3. I never want to speak on the floor of General Assembly.  During the business of the Assembly, microphones are placed throughout the assembly room for people to come and speak for or against a motion, to present new business, or to question the order of business on the floor.  It’s all very “politic-y”, and I hope never to get caught in the middle of it.  There were people who stood in line to speak on every item of business before the Assembly – they always had something to say or a point to make. I pray that I may go my entire life without having to rise to speak on the floor of the Assembly.
  4. There are some brilliant people in this Church.  The real blessing of attending GA was to see how God has richly blessed this church with those who will intelligently and passionately engage this world with the truth of God’s Word.  The preaching in worship, the instructional seminars, and the conversations in the halls were uplifting, informative, and encouraging.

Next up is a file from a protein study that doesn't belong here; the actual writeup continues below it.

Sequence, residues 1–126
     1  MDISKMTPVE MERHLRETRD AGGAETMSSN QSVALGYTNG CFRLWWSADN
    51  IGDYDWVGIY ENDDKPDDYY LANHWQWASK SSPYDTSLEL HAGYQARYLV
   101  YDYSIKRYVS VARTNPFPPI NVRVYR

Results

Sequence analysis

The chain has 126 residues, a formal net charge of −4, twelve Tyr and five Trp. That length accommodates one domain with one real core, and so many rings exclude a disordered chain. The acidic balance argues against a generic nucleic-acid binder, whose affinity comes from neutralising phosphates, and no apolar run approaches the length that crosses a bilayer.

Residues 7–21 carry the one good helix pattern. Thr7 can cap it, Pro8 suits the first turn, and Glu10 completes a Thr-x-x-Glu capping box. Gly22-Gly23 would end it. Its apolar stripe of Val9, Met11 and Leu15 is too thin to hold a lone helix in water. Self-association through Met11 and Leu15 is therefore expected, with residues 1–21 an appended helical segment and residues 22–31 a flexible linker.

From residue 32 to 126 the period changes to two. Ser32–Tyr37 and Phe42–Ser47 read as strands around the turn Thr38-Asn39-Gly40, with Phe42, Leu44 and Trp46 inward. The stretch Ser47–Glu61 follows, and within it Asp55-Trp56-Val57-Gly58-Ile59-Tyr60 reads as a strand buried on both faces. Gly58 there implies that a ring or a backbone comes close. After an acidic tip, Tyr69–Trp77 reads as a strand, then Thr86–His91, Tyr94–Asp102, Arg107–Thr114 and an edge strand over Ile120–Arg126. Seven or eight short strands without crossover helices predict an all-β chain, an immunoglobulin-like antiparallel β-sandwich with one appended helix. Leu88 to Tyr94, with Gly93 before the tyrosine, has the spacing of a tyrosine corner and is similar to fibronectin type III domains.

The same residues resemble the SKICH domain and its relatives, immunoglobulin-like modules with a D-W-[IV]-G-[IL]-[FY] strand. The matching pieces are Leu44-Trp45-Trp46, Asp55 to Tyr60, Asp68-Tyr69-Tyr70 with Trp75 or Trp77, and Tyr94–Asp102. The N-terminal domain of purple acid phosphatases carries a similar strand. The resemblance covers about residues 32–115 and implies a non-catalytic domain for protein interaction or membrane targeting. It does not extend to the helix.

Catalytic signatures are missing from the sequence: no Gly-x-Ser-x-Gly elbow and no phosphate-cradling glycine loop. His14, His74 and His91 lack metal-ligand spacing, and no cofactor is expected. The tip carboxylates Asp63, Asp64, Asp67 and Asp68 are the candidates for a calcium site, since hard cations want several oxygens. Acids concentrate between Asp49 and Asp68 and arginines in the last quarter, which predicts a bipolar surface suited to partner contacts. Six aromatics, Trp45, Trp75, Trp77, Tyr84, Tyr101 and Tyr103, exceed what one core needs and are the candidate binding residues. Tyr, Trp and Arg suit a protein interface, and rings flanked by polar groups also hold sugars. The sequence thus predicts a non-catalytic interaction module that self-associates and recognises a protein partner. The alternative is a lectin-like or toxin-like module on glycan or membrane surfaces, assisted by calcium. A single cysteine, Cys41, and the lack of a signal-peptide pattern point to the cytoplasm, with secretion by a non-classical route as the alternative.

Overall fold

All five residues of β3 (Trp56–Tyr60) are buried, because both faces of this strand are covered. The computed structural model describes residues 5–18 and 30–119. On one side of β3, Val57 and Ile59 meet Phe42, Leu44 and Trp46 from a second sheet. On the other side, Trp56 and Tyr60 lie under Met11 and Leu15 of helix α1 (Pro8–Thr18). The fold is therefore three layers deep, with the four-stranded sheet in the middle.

5. We are a church that is searching to find its voice.  We are in our 44th year as a church.  We broke away from another denomination in an effort to remain faithful to the inspired, authoritative, and inerrant Word of God, and have grown through the years as we have faithfully proclaimed the gospel of Jesus Christ.  Unlike the majority of mainline and other evangelical denominations, the PCA continues to grow in numbers, and is financially strong.  Yet it is obvious that the pressure to look like the other denominations and to concede in certain areas to social and political influences  is high.  How will the church move forward in a culture that is more and more clearly post-Christian and even antagonistic to the faith?  How do we proclaim the gospel to a generation that is technologically proficient, but is meanwhile spiritually illiterate, lacking even the most basic understanding of who God is or what the Bible teaches?  How we answer these questions will shape the next 40 years, and more, of our church. I pray that our answer will be the same as that which led to the establishment of the PCA, a faithfulness to the Word of God and the proclamation of the Gospel of Jesus Christ.